Brad Hoylman really hopes this letter registers.
On Tuesday, the state Senator wrote to the city’s leading supermarket owners urging they voluntarily cap purchases of essential items, plus create shopping hours for seniors and the immunocompromised, so they don’t risk infection while inside the stores.
Hoylman sent his letter to the chief executive officers of Fairway, Whole Food Market, Trader Joe’s, D’Agostino, Cactus Holdings/Western Beef, Key Food, Gristedes and Westside Market.
“Unfortunately,” Hoylman wrote, “there have been many press accounts in recent days of mass hoarding by shoppers in your stores of basic necessities.”
In addition to urging market owners to cap customer buys of the coveted commodities, he asked them to make special accommodations for “your most vulnerable shoppers.”
“First, due to the enormous influx of shoppers at your stores, elderly, disabled and immunocompromised individuals have found it difficult to go to their local grocery stores to purchase the supplies and food necessary to self-segregate themselves and avoid crowds,” Hoylman wrote. “I’ve heard from many constituents who are unable to stand in long lines because of a disability or unable to go into busy grocery stores because of the danger of infection.
“A solution to this problem undertaken by grocery stores in Jersey City, N.J., is to implement special times to allow particularly vulnerable populations to shop without the crowds that put them at risk and allow them to buy the goods they need to survive. Stores like ShopRite of Metro Plaza will be open from 9 a.m. to 11 a.m. for shoppers that would benefit from less-crowded stores.
“Second,” Hoylman’s letter continued, “I also ask that your stores implement reasonable restrictions to the amount of certain goods, like toilet paper, bottled water and hand soap, that can be sold to any individual. In addition to crowds, excessive purchasing and hoarding are also impeding access to essential goods for the vulnerable populations I mention above. Walmarts across the country, H-E-B in Texas and Wegmans here in New York have already instituted these restrictions with the result of protecting the supply chain for all consumers.”
Meanwhile, New Yorkers have been in awe of the brave and hard-working employees who have kept the supermarkets running throughout this unprecedented health emergency.
Trigger, former owner of The Continental cheap-shots bar (and before that the punk music venue of the same name), at Third Ave. and St. Mark’s Place, expressed his gratitude and admiration to the workers at the East Village’s Key Food supermarket. He sent the following letter to The Village Sun:
Dear Staff at Key Food:
(Avenue A & E 4th St)
I live just 2 blocks away on Ave A.
I’m in your store 3, 4 times a week and everyone is always very professional, kind and courteous.
But since the impact of Coronavirus and ALL supermarkets getting overrun and overwhelmed you guys rose to such a high level of professionalism, always being polite and courteous in spite of the nonstop lines, questions and people’s unique needs.
Well… it blew me away and everyone else I’m sure.
And you didn’t raise one, single price! That’s true Integrity.
Keep up the great work!
We all appreciate it more than you’ll ever know.
East Village, NYC
Meanwhile, Trader Joe’s — at least at its relatively new Hudson Square store — was doing things the right way, Mary Clarke, a Soho resident and Village Sun reader, posted on Facebook on Thursday.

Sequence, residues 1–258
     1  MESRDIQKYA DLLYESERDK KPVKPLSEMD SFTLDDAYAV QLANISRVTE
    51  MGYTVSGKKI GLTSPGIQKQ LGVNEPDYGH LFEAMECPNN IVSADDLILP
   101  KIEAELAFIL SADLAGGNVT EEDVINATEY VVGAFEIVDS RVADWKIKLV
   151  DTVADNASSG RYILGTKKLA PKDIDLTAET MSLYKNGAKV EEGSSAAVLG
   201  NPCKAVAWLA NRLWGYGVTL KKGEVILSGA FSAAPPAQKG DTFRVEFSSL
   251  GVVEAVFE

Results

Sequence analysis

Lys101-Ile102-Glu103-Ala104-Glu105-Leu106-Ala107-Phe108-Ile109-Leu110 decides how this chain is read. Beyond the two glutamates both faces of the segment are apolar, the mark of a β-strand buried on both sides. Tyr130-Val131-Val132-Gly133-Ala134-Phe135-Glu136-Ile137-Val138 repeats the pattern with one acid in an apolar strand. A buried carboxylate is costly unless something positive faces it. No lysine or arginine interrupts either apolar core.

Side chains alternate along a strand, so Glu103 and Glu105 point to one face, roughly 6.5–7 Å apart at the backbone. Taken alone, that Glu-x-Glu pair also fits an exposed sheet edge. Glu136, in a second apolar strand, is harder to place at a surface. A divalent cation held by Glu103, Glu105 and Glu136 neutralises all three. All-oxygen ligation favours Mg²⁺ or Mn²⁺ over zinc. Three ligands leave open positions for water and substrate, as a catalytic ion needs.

“At the Trader Joe’s on Spring [St.], they’re limiting the number of shoppers allowed inside, but anyone 55 or up doesn’t have to wait on line outside,” she wrote. “This was the situation yesterday evening, in any case. Social distancing is totally achievable inside. It was extraordinary.”
i am glad to be reminded by Trigger of the East Village how much the Key Food staff deserves my praise.
i am retired,, 70 yrs old, well fed, live in apt on
5th floor of a walk-up bldg and i use a cane.
can go to any store at any time but i found myself in KEY late last Friday afternoon to pick up cat food….
the store was crowded and the check out lines were long. but cats do not care.
after an hour of trying to find what i needed but in a size and quantity that would fit in my three cloth shopping bags, i headed for the checkout.
after an hour in the store, i was feeling bad about all the pressures on fellow shoppers and the chocolate bar was not helping.
i noticed that the guys in line behind me had a shopping cart piled high with at least 30 pieces each of basic household products. i was impressed to hear that they were Cooper Square Mutual Housing Association staff members who were buying supplies for their low-income tenants.
when i finally arrived at the cashier, i did what i could to speed things along. i had a big order with two 10-pound bags of cat litter which i planned to have delivered.
all was going as planned, i.e., almost all the food
fit in my shopping bags but when i went to pay, my debit card did not work.
i looked at the pile of purchases and the long line of shoppers behind me and considered just giving up and coming back another day but the staff — the cashier, the bag packer and the delivery person — all helped me resolve the problem.
not once did they show any impatience or annoyance or frustration with the fact that my problem was putting more demands on their already-hard job.
i still owe them a tip for the extra time they spent voiding the first bill and then recharging all the items after i went home — up the five flights — and back to the store with working credit card.
i shop in KEY because it is local, the prices are fair, the products are varied and there are still humans to provide help when needed but…
i will never go shopping there again without two means of purchase.